Log Cabin Chronicles

Old Quebec City

Photograph/John Mahoney

QUEBEC AFFAIRS

With PETER BLACK

Doing the numbers

A Liberal MNA confides privately that 68 is a nice number. That figure would give the Liberals a slim but workable six-seat majority in the 125-place National Assembly.

By venturing that tally, our deep throat deputé is admitting two things: hopes are not high in the Charest camp for a rouge tide across the province Nov. 30, and, Charest is not kidding when he says his campaign must and will be a ground war.

The question is, how do the Liberals win that ground war?

Where are the 21 seats they will need to steal from the Parti Québécois to make it to that nice figure of 68?

The election results from the last trek to the polls in 1994 are instructive in understanding the challenge the Liberals face. In that contest, with Daniel Johnson and Jacques Parizeau canceling each other in the charisma department, the PQ and Liberals came out in a virtual tie in the popular vote with about 45 percent each, and a 15,000 vote spread. But on the riding level the PQ took 77 seats and the Liberals 47. Mario Dumont of Action Democratique (ADQ) won his Riviere-du-Loup riding.

For such a narrow win to produced a 30-seat majority meant there were some razor-thin victories in ridings clustered in several regions in the province. These are the proverbial swing ridings where a slight shift in preference to one party or the other can turn into a bonanza at the ballot box.

A good example is the five ridings in Laval. In 1994, the Liberals only took one of the seats, and that, oddly enough, by a whopping majority. Of the other four snatched by the PQ, none was won by much more than 1,000 votes, and in all four cases, had the ADQ not siphoned off probable rouge votes, those seats would have been in Johnson's fold.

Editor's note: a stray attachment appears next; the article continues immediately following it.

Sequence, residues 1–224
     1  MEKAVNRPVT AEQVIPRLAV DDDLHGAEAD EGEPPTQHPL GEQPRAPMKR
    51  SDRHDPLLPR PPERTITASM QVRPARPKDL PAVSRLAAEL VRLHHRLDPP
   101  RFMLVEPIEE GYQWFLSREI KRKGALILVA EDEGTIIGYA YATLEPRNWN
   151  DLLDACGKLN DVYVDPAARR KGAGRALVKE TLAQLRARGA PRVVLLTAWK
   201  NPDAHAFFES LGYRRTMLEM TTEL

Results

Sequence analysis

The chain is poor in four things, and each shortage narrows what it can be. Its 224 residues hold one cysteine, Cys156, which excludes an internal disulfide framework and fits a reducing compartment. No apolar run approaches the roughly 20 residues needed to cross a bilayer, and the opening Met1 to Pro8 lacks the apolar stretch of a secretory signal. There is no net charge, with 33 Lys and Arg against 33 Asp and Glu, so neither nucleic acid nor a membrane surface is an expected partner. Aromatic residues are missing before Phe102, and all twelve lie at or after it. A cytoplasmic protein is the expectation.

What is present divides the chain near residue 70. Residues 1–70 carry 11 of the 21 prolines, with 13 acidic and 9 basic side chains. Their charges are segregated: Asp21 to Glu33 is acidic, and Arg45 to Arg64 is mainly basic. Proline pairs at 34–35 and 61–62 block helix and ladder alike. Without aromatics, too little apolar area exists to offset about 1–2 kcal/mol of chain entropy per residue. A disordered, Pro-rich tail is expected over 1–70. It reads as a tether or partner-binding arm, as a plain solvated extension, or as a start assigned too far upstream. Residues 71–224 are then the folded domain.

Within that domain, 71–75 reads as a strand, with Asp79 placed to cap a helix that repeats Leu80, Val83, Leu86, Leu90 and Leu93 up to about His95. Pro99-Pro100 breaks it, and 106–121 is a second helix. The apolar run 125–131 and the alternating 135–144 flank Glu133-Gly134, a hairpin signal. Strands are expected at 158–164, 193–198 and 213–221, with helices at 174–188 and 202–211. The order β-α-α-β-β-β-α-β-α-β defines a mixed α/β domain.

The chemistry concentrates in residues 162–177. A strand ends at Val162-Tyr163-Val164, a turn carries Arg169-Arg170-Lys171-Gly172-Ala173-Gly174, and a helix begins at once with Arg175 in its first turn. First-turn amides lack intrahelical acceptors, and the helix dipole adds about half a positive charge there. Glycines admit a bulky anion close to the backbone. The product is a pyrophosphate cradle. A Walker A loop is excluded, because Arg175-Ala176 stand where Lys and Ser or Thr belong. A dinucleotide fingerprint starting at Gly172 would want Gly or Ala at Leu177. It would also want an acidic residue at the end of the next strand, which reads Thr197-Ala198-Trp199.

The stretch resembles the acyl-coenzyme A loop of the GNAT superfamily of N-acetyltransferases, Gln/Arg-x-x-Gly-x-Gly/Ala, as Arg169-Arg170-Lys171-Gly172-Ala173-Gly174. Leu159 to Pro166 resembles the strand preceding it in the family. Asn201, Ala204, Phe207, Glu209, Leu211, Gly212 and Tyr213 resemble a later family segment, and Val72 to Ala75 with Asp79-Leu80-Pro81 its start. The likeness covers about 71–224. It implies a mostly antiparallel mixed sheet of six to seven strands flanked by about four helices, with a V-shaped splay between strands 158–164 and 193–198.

Not for nothing were three of those PQ MNAs named to cabinet, and not for nothing has Premier Lucien Bouchard found $150 million for a Métro extension to Laval.

Apart from counting on such potential little jackpots, Charest's ground war strategy targets individual ridings where the combination of favorable voting patterns and a strong local candidate may result in a gain. Take Bonaventure, one of two ridings on the south shore of the Gaspé peninsula. It's a riding that has a long and durable Liberal tradition, for 30 years the fiefdom of the late Gerard-D Lévesque - but it's also the boyhood home of the late René Lévesque, no relation.

The PQ's Marcel Landry wrested Bonaventure from the Liberals by 2,400 votes last time, and was rewarded with the Fish, Farm and Food post by Jacques Parizeau. However, when Bouchard took over in 1996, Landry was strangely absent from his cabinet list, a demotion that might cost him crucial votes in a squeaker. Landry's prospects worsened when Charest managed to wangle a bona fide star for Bonaventure.

She's Natalie Normandeau, the bright young mayor of Maria who can boast a successful law practice, years of political experience in Robert Bourassa's office, plus big little-people points for her work setting up a food bank.

Other possible sniper pick-offs for the Liberals include Trois-Rivières where long-time Mayor Guy Leblanc has jumped into the ring. Oddly enough, he'll be facing Landry's successor in the 3F ministry, Guy Julien, who took the riding by a mere 500 votes last time over a low-profile Liberal. Another mayor, Jacques Langlois, may pull off an upset in the Quebec City-area riding of Montmorency. Langlois, longtime mayor of Beauport, has been tempted before, but his timing may be prophetic with a split developing in the sovereignist ranks between the sitting MNA, who quit the PQ caucus, and the nominated Péquiste candidate.

Barring a monumental gaffe in the 20-odd days remaining in the campaign, or a blow-out by Charest or Bouchard in Tuesday's leaders' debate, it looks like a photo-finish poll-wise. How that count translates into seats region by region will be up to the locals, and how it adds up to 68 is anybody's guess.

CBC logo Peter Black is a writer living in Quebec City, where he is the producer of Quebec A.M. -- CBC Radio's popular English-language morning show (91.7 FM, 6-9, Mon.-Fri).


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